News about an enhanced ebook from UNC Press; a partnership between CRL and the Linda Hall Library; CI-BAR a leading “Big Data” project; and the National Archive releases the 1940 census.
“The University of North Carolina Press today announced the publication of a special enhanced e-book version of Freedom’s Teacher: The Life of Septima Clark by Katherine Mellen Charron. Produced in collaboration with the Avery Research Center for African American History and Culture at the College of Charleston, the enhanced e-book features nearly 100 primary-source items, including photographs, documents, letters, newspaper clippings, and 60 audio excerpts from oral-history interviews with 15 individuals–including Clark herself–each embedded in the narrative where it will be most meaningful…”
The enhanced e-book is published under the aegis of the Publishing the Long Civil Rights Movement Project and according to Project Director Sylvia K. Miller “this is the first serious biography that has been enhanced at this scale with multimedia primary sources embedded contextually within the narrative.”
“CRL and the Linda Hall Library of Science, Engineering, and Technology have entered into a strategic partnership to preserve and develop historical research collections in the fields of science, technology and engineering. The partnership will build upon the rich holdings of print serials in those fields assembled by the two institutions during the past six decades…”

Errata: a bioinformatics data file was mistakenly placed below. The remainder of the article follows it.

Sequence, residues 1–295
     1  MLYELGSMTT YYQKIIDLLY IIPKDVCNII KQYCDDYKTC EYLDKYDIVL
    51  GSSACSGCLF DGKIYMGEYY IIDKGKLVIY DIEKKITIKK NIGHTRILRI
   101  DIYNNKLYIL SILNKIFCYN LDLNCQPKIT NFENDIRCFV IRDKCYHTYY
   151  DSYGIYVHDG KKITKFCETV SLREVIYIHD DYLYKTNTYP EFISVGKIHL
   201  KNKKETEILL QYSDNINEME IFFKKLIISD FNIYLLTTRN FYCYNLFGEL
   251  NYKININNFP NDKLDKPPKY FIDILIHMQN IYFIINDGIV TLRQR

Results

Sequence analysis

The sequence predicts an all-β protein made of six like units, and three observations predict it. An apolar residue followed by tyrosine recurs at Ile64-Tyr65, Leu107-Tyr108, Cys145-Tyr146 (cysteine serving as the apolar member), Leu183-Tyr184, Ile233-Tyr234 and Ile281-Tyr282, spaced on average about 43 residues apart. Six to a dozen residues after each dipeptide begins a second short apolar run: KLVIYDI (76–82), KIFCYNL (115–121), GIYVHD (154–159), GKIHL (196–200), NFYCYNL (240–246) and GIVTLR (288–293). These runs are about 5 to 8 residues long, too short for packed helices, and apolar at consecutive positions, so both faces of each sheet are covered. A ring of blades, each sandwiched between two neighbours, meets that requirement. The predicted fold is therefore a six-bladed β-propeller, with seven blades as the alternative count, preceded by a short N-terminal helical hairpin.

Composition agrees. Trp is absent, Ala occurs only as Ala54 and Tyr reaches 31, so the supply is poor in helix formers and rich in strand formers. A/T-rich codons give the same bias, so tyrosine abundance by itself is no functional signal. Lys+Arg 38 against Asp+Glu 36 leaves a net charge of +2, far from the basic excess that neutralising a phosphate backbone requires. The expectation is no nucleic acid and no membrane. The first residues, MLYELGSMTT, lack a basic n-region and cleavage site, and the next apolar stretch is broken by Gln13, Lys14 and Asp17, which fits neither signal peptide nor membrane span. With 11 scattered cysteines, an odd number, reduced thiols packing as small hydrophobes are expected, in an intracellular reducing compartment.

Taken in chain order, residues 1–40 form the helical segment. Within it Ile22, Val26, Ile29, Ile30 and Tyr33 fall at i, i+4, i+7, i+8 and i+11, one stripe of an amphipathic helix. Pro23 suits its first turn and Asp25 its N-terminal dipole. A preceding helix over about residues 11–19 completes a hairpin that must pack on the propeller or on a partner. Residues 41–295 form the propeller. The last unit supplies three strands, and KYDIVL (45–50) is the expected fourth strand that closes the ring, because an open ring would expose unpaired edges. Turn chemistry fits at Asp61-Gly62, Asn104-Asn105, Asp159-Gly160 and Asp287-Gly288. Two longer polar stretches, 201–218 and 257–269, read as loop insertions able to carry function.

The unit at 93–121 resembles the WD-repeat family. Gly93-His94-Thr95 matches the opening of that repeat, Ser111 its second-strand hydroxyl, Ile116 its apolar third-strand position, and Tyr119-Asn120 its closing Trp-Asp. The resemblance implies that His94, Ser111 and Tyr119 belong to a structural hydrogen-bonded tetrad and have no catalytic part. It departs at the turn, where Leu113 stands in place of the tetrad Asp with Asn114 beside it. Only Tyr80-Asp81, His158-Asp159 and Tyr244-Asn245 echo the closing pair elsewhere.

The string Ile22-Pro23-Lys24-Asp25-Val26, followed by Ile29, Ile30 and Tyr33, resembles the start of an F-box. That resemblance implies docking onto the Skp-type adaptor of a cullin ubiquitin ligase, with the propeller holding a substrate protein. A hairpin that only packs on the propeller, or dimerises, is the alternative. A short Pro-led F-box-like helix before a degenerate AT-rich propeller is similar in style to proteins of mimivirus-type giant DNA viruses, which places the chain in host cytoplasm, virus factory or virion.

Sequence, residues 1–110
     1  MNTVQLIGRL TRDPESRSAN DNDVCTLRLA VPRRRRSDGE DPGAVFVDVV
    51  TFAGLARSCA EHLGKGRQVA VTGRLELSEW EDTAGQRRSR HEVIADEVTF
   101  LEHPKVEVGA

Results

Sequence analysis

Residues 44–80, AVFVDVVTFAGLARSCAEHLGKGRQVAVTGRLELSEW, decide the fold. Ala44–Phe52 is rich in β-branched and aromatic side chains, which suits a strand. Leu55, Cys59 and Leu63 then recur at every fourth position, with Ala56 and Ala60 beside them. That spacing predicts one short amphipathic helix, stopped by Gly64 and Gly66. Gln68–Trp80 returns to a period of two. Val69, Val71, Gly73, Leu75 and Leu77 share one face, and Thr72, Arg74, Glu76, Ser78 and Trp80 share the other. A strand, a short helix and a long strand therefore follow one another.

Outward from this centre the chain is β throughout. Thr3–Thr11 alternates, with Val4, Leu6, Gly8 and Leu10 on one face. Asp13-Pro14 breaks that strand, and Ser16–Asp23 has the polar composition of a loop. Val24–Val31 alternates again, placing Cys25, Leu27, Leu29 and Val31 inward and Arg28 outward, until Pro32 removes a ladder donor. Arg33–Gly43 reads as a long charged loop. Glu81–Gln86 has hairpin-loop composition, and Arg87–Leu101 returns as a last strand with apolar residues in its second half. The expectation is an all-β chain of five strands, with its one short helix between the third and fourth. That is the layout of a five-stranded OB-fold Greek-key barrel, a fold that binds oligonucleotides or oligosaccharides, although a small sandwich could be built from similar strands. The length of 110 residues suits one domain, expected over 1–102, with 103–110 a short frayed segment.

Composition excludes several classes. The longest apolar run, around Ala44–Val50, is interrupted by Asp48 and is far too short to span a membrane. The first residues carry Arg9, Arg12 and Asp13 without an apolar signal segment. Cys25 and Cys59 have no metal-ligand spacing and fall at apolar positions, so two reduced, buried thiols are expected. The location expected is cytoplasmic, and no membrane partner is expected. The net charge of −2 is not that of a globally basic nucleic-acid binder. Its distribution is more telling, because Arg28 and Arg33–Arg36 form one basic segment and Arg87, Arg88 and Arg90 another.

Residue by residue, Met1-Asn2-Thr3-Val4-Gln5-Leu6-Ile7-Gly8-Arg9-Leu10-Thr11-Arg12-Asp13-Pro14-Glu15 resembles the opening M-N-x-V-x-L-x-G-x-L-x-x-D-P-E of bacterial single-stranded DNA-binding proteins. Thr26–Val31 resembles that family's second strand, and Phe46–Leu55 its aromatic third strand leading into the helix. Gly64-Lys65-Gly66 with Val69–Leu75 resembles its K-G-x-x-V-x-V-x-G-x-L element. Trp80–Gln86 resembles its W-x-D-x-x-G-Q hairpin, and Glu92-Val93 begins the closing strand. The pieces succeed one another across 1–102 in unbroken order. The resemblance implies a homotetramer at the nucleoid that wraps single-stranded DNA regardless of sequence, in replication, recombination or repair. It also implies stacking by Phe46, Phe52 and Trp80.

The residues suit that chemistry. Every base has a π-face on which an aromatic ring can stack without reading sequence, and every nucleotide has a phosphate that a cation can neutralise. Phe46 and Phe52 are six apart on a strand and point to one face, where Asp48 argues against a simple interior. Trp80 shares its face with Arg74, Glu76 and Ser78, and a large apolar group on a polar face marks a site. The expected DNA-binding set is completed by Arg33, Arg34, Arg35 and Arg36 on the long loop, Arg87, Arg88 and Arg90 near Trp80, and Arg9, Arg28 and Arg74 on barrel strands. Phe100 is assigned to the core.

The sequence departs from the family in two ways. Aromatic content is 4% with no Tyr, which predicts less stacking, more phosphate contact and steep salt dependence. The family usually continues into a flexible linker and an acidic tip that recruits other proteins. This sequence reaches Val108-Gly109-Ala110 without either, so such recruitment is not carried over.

As ATG noted in Friday’s News and Announcements, the White House “unveiled a Big Data Research and Development Initiative that will see the six federal agencies and departments put $200 million or more into Big Data R&D.” The CI-BER project led by principal investigator, Dr. Richard Marciano, professor at the University of North Carolina at Chapel Hill’s School of Information and Library Science “was included in the White House fact sheet titled, “Big Data Across the Federal Government,” which was distributed in conjunction with the announcement. CI-BER was listed as one of the leading projects in the country “that address the challenges of, and tap the opportunities afforded by, the big data revolution.”
Special ceremonial launch of the 1940 census is scheduled for today, April 2nd. “The National Archives’ largest single release of digitized records will be online at 1940census.archives.gov. For the genealogical community, the 1940 census is the most eagerly-anticipated records release in the past decade. Following remarks, the Archivist of the United States David S. Ferriero will launch the first search…”